How to Supercharge Your Nonprofit's WordPress Website for Social Media Sharing

Nonprofit WordPress Advice

How to Supercharge Your Nonprofit’s WordPress Website for Social Media Sharing

April 26, 2019

Have you tried sharing your nonprofit’s WordPress blog posts or pages on social media and quickly get frustrated?

Well, you’re probably not alone.

It can be challenging since each platform has its own limitations and quirks. On the web, consistency is key for effective communication.

Facebook is unpredictable

When you share a link to a website on Facebook, it automatically pulls in random images from the page. You can’t edit the page title and description before posting anymore.

If there’s a fundraising event that you’d like to promote, it either displays the wrong image or one that’s not visually impactful.

To increase engagement, it’s important to use an image that’s relevant to your post. Otherwise, it won’t be clear why the event matters to your audience.

Common LinkedIn workarounds

Attaching separate images

On LinkedIn, most people will just add a separate promotional image to their posts, assuming it’s not an issue. When someone clicks the image you’ve attached, it opens a larger version and there’s no interactivity. They won’t be taken to your website or respective event.

If there’s a conference you’d like to promote, how do you know your audience will actually type in a long link into their browser?

There’s a usability problem with this type of workaround approach because you’re making your audience think too hard.

It’s important to keep your audience's attention and engagement.

Website links within descriptions

Another hack is that along with the image, nonprofits will include a link to website page after the description and hashtags.

The problem with this method is that some people may get confused and may not know how to interact with your content.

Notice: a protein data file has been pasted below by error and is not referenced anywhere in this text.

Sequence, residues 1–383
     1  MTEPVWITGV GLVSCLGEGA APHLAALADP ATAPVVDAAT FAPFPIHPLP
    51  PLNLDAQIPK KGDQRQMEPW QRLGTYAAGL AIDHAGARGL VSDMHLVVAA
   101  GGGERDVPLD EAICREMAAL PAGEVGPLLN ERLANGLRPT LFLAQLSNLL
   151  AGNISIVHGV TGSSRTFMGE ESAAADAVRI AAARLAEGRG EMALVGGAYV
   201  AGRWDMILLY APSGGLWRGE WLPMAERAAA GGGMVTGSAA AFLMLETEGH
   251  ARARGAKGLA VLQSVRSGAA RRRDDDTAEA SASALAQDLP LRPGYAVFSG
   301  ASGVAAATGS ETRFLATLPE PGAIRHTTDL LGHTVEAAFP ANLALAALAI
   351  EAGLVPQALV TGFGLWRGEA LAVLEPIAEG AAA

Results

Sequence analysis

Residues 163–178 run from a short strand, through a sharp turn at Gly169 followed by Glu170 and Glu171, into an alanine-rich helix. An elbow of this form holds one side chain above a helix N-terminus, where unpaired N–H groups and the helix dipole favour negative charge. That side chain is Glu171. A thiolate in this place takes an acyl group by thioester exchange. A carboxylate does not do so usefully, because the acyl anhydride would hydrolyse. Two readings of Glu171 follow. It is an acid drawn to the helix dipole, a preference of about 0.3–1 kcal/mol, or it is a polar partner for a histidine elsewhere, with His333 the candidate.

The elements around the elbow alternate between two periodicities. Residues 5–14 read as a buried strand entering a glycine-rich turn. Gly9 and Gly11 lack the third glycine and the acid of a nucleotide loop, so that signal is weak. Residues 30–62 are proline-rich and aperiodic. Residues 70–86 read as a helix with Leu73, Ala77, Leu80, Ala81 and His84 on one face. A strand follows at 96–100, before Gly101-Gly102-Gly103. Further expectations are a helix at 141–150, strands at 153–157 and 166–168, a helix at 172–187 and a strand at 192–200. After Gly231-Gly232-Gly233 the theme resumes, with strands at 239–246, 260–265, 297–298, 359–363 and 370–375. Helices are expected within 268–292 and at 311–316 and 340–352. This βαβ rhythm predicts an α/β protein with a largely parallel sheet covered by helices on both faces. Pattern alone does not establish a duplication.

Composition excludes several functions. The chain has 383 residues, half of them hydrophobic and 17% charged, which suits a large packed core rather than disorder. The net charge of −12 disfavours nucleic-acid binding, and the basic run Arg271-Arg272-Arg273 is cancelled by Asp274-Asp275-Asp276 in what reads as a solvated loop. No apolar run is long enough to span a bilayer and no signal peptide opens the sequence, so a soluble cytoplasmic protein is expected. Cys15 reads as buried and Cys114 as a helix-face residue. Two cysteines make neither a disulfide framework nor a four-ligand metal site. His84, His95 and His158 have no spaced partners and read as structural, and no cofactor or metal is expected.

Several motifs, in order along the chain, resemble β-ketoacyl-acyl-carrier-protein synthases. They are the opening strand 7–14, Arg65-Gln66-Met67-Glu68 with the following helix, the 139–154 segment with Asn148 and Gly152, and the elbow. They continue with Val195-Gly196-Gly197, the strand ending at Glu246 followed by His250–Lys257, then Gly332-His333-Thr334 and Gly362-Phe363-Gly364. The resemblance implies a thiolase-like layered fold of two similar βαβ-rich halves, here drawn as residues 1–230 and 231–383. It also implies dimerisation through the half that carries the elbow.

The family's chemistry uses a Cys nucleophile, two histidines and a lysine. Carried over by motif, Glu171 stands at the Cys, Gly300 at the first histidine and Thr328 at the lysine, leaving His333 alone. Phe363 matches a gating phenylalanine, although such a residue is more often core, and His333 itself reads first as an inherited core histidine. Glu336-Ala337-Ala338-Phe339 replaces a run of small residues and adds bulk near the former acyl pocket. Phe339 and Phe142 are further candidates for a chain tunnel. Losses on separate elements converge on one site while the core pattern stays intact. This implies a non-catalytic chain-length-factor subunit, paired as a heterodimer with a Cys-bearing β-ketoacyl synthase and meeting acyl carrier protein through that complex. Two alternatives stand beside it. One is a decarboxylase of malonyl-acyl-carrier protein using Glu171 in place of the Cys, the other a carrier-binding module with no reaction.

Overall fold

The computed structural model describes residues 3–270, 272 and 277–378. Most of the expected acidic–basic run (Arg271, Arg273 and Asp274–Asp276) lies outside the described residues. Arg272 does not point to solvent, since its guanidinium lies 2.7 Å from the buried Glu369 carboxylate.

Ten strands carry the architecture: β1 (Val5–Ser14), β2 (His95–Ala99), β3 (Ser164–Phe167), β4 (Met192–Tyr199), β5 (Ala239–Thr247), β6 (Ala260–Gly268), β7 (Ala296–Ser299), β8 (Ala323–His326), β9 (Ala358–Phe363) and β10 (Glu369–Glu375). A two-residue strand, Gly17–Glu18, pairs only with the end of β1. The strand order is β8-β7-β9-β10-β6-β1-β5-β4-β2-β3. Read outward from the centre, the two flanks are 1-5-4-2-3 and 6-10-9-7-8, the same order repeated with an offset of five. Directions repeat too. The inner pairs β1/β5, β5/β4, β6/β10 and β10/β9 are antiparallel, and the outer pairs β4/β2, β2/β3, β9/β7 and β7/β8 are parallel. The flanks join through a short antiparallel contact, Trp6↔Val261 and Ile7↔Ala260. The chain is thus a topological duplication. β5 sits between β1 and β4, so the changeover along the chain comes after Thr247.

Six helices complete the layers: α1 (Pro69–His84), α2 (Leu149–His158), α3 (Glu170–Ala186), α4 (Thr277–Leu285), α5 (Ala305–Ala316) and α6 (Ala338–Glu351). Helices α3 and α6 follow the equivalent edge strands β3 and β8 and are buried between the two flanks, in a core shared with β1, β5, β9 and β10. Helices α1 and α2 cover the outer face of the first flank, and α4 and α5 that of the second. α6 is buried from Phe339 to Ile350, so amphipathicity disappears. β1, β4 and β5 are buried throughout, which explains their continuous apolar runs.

Quiz: what would you click on first?

It’s the second one because it encourages an action. There’s no instructional text before the link to confuse the reader.

If you want to increase engagement, don’t make me think!

There’s a better way

Imagine if there was a consistent solution for controlling how your website’s content is displayed on Facebook, LinkedIn, and Twitter.

Bonus: wouldn’t it be nice to control how your site’s pages and posts display in Google search results - for better overall SEO?

Great. There’s a WordPress plugin that will help you supercharge your organization’s website for social media sharing.

It’s free so nonprofits (with a comms team of one) will really love it.

Let’s get started

Before you get rolling, it’s always good practice in WordPress to back up your website first in case anything happens after installing it. Sometimes, there can be incompatibilities with other plugins you have installed on your website.

Next, log into WordPress and install the plugin.

  • Go to Plugins > Add New and search for “All In One SEO Pack” by Michael Torbert
  • Install and activate the plugin
  • Go to the plugin settings and click Feature Manager

Once the plugin is activated, the menu item will appear under All in One SEO Pack on the left administration sidebar so you can access it.

  • Look for the Social Meta panel, then click Activate.

Now you’re ready to prime your website for social media sharing. First, you’ll want to get it ready for Google:

  • Find a page or post that you want to supercharge and click Edit.
  • Scroll down the page to the All in One SEO Pack heading and find the Main Settings tab.

Here’s where you can specify details that are important for search engine results. It’s interactive so as you’re typing, you’ll see how Google would display your page.

Under the Main Settings you’ll want to:

  • Create a page title that’s unique and contains any relevant keywords
  • Create a description of your page, as your audience understands it
  • Add keywords (optional)

To save your changes, click Save Draft or Publish.

Supercharging time

Once you got the page or post primed for Google, then you’re ready to amplify it for Facebook, Twitter, and LinkedIn.

This is where you can define page attributes that will be separate from Google. This will be displayed for sharing your pages or posts on Facebook, Twitter, and LinkedIn.

The recommended image size is 1200 pixels wide with the height being variable.

Tip: to see how your content displays before posting, use the debugging tool.

Under the Social Settings tab you’ll want to:

  • Create a unique page title for social sharing (for Facebook and Twitter)
  • Create a unique description for social sharing (for Twitter)
  • Specify an image you want to display from the Media Library (for Facebook, LinkedIn, and Twitter)

Remember to save your changes, click Save Draft or Publish.

That’s it! You’re all set to share your nonprofit’s website content more effectively to the world.

Chuck Spidell

By Chuck Spidell, a Nonprofit WordPress Security Expert who helps women-led communications teams free up their time and lock down WordPress from getting hacked.

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